(2016-12-14, 11:41)ironic_monkey Wrote: addon breakage is minor compared to the fact that python3 has largely changed the way you do cpython modules. it would be an involved rewrite. every project (3-4) at work where i have had to do this, i have gone through the pain of switching to ctypes type bindings because of issues in the new cpython stuff.

Personally, I prefer abstraction via Boost.Python that allow to write stuff in modern C++ without worrying about low level. Pybind11 even better in all respects, but it does not support Python 2.6 which is used on some platforms in Kodi 16 and below.
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#22
personally i never consider a solution involving boost acceptable Wink reason is boost is a portability nightmare and i have to deal with exotic (hpc) platforms. but yeah, that's another way to go about it.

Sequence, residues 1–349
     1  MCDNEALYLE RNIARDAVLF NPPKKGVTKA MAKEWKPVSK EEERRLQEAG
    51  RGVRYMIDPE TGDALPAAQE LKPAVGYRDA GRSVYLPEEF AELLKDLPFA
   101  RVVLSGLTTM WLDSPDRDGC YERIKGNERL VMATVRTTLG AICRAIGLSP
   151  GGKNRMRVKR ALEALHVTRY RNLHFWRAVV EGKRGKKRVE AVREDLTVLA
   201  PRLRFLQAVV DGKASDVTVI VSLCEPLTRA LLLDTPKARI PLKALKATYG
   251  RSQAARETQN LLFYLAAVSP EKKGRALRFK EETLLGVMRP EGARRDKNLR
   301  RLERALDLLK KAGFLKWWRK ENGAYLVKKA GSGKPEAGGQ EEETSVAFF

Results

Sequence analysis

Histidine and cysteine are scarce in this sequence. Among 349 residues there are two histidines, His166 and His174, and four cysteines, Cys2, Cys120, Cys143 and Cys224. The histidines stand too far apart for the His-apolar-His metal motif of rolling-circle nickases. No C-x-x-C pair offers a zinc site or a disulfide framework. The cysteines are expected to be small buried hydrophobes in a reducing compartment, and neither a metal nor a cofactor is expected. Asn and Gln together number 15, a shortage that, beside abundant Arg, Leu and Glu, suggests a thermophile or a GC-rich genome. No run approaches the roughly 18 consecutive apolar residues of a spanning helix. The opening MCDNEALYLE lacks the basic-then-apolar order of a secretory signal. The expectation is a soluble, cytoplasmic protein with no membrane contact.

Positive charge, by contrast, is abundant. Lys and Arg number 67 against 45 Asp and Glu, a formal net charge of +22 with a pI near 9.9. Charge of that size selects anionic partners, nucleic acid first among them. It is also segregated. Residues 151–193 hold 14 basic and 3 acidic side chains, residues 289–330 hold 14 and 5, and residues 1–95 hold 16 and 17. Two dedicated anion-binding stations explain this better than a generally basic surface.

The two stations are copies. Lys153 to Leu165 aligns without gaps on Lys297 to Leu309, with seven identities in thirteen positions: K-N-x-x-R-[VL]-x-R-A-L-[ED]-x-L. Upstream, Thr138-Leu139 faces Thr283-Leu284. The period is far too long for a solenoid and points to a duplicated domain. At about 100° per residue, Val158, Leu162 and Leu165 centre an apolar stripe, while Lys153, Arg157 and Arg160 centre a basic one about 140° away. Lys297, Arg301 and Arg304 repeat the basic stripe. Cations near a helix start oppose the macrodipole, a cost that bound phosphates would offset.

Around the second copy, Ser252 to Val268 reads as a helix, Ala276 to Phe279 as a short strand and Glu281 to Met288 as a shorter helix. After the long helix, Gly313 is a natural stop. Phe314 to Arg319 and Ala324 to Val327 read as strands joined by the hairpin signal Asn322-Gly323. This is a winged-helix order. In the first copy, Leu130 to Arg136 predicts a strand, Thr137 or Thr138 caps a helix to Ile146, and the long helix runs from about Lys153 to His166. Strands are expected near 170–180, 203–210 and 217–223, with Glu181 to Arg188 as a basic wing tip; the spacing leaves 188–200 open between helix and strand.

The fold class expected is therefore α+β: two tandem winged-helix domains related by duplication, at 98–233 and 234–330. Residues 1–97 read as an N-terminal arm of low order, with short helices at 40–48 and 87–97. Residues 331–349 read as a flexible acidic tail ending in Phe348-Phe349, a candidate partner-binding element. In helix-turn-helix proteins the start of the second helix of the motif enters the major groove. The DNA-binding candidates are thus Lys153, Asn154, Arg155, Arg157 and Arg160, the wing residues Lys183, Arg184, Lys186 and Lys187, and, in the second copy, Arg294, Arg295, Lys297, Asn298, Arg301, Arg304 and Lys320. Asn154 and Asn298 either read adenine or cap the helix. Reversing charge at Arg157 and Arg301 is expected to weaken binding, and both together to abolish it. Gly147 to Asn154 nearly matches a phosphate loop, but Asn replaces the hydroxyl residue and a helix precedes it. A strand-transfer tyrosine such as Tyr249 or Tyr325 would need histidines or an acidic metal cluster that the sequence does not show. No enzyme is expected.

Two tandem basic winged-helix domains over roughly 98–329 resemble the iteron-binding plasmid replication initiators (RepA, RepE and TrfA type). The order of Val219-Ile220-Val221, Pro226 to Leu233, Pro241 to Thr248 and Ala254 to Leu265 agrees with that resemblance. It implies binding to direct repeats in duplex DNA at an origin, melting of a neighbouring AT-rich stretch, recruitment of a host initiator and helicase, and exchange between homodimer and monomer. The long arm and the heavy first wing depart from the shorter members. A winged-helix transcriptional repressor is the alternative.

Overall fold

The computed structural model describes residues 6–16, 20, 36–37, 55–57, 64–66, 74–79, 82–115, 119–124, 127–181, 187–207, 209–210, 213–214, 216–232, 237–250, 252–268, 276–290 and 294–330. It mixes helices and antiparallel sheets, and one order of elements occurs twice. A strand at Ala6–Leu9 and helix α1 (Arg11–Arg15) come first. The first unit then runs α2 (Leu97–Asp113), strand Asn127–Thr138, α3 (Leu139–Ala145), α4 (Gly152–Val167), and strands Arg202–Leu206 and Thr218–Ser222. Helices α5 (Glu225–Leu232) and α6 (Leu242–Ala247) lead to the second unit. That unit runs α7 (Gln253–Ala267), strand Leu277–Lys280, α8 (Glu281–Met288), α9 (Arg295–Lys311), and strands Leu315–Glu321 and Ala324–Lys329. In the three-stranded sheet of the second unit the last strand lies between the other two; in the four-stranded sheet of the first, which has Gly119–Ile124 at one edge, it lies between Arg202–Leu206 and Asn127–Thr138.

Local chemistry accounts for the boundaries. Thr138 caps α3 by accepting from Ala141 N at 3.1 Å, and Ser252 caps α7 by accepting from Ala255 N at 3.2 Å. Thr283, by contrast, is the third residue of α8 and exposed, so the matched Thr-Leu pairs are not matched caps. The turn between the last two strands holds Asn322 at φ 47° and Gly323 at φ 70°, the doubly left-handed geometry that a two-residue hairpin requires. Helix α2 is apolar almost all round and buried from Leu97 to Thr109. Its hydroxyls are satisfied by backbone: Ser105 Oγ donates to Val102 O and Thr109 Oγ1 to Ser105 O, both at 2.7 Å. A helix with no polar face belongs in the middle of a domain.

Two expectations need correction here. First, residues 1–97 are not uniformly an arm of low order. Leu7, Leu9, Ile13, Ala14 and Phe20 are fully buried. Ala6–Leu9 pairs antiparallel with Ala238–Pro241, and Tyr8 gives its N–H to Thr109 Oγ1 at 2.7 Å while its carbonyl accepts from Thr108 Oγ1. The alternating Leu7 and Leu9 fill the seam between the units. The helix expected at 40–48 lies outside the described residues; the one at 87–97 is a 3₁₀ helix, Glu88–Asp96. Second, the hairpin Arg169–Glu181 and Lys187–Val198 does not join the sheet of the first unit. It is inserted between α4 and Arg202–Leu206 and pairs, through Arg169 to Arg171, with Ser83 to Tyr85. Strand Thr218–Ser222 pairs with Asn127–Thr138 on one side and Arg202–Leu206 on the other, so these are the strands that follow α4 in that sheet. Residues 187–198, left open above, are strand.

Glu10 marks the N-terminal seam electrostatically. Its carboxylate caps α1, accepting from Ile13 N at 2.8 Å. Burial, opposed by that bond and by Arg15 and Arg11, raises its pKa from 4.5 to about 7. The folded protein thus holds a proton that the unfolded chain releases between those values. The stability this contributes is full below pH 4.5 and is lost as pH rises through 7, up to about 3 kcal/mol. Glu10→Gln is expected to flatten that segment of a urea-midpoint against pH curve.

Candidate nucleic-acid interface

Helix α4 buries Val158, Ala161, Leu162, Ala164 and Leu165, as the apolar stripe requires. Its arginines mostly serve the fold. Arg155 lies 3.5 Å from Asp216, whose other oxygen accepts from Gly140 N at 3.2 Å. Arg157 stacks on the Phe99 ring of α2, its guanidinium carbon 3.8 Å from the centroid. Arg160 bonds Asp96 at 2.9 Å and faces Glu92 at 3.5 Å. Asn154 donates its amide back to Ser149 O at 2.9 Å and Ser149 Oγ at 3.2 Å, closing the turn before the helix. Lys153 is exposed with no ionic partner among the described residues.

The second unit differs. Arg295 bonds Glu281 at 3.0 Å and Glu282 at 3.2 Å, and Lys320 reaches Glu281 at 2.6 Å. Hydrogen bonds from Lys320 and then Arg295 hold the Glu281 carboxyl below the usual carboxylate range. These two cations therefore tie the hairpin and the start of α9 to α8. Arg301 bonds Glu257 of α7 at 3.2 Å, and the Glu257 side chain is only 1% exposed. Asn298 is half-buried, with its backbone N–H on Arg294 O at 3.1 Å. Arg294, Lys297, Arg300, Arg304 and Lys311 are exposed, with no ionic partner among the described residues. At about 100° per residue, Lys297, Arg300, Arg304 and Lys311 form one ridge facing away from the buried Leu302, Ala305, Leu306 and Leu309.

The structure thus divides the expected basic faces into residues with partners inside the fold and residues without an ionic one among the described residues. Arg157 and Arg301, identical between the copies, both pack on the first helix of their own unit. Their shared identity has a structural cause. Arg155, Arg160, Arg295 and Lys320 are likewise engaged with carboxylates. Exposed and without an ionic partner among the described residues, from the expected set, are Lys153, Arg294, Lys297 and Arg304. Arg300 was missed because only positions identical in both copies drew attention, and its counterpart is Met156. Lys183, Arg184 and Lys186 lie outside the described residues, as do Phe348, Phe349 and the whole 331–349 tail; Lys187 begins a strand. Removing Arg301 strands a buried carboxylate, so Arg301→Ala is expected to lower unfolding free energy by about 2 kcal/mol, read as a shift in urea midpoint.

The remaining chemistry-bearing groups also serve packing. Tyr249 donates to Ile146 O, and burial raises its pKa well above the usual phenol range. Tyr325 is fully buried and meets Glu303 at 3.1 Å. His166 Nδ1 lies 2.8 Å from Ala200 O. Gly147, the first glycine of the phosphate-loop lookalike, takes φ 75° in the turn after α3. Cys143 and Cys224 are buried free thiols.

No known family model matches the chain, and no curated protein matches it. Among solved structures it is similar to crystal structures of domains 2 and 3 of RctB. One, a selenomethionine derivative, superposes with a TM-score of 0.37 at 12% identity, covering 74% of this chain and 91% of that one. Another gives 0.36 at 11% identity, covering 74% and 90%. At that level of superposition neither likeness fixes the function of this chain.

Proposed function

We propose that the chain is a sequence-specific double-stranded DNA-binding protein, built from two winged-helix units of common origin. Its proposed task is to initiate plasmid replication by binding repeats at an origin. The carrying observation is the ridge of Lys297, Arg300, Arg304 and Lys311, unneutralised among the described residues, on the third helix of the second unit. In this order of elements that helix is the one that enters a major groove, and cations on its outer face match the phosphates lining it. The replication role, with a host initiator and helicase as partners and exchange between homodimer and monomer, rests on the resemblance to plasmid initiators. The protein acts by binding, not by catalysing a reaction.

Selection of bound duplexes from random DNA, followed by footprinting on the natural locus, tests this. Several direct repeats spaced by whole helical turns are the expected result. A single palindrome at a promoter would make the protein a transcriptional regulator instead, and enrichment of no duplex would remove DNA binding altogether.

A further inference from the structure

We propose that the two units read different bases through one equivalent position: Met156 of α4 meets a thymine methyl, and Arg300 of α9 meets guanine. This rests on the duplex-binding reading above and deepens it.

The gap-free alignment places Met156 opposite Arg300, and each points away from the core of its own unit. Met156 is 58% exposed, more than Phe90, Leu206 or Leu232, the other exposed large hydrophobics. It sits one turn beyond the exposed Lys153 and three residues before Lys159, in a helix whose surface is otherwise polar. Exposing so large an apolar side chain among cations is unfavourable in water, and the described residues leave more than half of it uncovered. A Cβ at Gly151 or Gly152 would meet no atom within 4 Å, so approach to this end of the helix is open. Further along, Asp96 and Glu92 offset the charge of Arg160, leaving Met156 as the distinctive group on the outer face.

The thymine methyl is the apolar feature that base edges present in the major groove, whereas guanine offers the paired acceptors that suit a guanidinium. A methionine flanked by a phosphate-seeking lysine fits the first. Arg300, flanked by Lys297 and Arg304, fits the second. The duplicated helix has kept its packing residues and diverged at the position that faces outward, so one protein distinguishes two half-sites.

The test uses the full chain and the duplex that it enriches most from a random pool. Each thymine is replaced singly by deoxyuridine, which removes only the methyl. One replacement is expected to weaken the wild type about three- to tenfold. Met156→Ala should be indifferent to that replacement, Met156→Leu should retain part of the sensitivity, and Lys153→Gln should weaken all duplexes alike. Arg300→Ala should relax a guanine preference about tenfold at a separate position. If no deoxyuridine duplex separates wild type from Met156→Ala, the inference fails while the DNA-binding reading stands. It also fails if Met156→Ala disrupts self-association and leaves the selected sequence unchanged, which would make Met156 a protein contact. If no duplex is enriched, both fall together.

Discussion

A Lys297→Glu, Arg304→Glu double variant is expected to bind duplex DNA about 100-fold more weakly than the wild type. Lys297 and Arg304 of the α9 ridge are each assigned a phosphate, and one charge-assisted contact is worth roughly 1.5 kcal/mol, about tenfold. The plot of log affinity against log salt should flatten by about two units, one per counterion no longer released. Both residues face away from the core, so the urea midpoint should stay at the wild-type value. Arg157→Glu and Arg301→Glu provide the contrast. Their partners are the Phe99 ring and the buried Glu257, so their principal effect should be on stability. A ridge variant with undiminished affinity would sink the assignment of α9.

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#23
Don't know about Kodi's core interface to Python, but as plain Python scripting language goes it should today be much smoother to upgrade to Python 3 and stay backwards compatible with Python 2 as there is now a new compatibility package that should make running Python 2 scripts under Python 3 easier.

Checkout: http://python-future.org/overview.html
Quote:python-future is the missing compatibility layer between Python 2 and Python 3. It allows you to use a single, clean Python 3.x-compatible codebase to support both Python 2 and Python 3 with minimal overhead.

It provides future and past packages with backports and forward ports of features from Python 3 and 2. It also comes with futurize and pasteurize, customized 2to3-based scripts that helps you to convert either Py2 or Py3 code easily to support both Python 2 and 3 in a single clean Py3-style codebase, module by module.

Notable projects that use python-future for Python 2/3 compatibility are Mezzanine and ObsPy.
As before it was adviced that if you upgraded to Python 3.x interpreter then you could still keep some backwards compatibility with Python 2.7 if you use the "six compatibility package" (for reference see http://packages.python.org/six/ ).

Now however the Python interpreter developers have made a new compatibility package that is called "python-future" (and it is also refered to as "future compatibility package"), so please see: